The origins of The Green Man figure, a wild man with greenery flowing from its mouth, date from the time of Roman deities, Pan, Silvanus or Bacchus. Green Man figures are not only European but also exist in Eastern and North African cultures as well. Western association with the figure of The Green Man is connected with church architecture of the Middle Ages and May Day festivals in Britain and elsewhere. He also appears in the cultural folk lore of the British Isles under different names and guises such as Jack-in-the-Green, John Barley Corn, The Green Knight, Robin Goodfellow, the Holly King, Woodwose or Wild Man of the Woods. The best known modern interpretation of The Green Man are Ents, walking, talking tree characters in J.R.R. Tolkiens Lord of The Rings.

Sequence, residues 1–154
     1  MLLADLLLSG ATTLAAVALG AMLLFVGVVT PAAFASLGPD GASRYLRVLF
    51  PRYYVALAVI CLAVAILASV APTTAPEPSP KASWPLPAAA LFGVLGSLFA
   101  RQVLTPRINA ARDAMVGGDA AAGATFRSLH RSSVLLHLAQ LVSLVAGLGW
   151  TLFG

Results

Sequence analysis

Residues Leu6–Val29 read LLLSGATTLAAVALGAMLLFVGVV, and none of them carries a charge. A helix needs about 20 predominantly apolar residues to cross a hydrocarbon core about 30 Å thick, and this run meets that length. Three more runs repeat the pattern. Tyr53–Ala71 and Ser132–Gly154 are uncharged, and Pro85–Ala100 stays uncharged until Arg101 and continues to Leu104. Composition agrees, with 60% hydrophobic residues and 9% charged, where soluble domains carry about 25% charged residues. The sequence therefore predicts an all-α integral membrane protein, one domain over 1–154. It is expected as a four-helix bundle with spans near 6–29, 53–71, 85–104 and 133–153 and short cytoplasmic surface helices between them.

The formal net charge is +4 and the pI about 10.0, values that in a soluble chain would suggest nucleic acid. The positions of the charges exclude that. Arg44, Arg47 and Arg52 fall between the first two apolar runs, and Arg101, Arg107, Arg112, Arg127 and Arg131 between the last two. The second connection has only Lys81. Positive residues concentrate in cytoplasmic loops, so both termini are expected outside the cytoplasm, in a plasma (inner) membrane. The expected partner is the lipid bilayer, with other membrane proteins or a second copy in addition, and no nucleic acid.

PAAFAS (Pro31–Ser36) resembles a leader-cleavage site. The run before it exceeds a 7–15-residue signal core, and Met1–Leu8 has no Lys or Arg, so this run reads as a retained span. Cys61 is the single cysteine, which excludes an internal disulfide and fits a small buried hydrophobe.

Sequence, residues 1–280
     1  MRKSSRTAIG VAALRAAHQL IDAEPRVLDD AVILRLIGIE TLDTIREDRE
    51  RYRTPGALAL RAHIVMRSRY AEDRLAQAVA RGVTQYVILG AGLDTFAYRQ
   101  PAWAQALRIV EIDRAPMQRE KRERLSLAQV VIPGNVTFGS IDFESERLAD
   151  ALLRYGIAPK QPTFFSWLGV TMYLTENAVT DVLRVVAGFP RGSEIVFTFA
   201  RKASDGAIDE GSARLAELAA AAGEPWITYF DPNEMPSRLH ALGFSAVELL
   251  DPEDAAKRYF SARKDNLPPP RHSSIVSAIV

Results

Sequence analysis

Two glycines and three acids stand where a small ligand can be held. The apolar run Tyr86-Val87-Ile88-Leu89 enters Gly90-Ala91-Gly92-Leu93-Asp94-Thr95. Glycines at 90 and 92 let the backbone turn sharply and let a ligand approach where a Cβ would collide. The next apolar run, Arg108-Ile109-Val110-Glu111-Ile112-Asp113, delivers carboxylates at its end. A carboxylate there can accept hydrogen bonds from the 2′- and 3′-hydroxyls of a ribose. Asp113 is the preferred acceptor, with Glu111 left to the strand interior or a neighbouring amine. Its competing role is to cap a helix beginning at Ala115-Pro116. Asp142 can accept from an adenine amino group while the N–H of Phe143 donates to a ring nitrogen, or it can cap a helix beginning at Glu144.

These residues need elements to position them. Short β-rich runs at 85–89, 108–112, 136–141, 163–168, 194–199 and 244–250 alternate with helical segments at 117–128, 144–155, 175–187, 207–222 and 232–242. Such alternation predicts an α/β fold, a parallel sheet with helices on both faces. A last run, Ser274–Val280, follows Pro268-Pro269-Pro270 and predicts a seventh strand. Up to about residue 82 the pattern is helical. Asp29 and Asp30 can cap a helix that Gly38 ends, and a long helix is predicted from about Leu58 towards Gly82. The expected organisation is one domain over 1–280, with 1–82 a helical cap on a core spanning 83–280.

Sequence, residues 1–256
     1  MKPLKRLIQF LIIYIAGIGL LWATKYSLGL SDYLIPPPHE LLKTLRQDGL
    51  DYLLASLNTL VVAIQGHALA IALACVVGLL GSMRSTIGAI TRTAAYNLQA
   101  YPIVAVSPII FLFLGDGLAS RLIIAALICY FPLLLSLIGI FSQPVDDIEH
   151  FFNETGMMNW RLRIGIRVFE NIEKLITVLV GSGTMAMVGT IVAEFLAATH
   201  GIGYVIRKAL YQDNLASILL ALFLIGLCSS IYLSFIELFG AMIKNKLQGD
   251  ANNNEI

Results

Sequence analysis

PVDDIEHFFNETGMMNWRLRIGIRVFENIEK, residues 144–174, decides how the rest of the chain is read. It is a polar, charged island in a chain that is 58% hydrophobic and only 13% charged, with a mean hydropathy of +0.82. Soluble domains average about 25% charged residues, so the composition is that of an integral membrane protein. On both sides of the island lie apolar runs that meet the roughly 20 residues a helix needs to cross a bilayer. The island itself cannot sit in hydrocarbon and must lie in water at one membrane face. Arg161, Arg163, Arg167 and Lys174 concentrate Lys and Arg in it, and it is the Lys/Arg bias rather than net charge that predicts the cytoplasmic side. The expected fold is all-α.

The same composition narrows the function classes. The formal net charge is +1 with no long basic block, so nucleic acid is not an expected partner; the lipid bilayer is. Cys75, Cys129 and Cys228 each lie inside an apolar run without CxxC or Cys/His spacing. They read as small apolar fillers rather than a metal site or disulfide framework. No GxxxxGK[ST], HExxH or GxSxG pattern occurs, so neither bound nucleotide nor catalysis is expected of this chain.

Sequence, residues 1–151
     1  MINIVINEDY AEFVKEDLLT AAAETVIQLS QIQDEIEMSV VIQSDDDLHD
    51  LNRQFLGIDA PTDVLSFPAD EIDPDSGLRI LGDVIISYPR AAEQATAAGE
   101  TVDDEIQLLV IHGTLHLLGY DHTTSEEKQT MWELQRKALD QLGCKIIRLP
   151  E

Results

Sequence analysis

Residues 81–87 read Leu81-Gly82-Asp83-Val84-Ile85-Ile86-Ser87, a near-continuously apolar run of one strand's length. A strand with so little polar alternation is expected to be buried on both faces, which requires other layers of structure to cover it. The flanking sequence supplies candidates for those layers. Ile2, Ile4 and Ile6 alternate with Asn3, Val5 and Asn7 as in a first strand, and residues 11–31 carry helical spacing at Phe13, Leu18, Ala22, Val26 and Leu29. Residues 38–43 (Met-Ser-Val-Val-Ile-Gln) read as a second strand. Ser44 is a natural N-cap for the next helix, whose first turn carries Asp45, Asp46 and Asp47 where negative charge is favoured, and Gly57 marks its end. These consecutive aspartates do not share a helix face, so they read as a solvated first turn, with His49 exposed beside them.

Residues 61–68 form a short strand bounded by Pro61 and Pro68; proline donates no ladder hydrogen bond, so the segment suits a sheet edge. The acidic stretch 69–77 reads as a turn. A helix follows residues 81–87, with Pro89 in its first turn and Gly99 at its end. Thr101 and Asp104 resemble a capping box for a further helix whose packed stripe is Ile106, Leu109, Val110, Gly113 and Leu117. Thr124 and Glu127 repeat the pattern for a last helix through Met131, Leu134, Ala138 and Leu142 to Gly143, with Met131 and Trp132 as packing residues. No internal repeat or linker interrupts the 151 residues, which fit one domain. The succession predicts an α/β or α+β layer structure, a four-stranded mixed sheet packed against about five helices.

During the Arts and Crafts movements of 19th Century Britain and America, The Green Man was revived as an architectural and artistic motif in the production of furniture, textiles and jewelry. As a part increased environmental awareness of the last fifty years, interest in the symbology of the Green Man has spiked in the areas of art and cultural movements associated with nature and myth.
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